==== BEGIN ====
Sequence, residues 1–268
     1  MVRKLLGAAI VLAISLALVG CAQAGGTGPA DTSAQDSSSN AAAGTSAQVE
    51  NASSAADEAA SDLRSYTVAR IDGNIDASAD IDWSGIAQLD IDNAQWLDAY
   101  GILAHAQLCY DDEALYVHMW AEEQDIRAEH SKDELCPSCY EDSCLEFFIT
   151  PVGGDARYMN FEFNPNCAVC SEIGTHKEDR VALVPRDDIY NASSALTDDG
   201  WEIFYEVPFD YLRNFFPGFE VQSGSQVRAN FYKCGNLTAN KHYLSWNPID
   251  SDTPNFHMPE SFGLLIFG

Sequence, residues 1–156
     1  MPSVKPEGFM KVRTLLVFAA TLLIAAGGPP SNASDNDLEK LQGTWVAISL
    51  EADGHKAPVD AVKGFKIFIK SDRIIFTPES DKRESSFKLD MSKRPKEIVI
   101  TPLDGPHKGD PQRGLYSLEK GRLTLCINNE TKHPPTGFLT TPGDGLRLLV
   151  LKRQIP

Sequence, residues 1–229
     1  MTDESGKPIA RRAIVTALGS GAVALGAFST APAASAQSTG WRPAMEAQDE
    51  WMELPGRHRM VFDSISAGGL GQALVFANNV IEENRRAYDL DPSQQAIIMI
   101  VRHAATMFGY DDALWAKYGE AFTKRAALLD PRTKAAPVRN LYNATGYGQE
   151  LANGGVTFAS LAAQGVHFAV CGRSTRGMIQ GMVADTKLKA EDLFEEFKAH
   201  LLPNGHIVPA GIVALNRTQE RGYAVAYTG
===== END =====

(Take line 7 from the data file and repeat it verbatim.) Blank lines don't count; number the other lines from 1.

   251  SDTPNFHMPE SFGLLIFG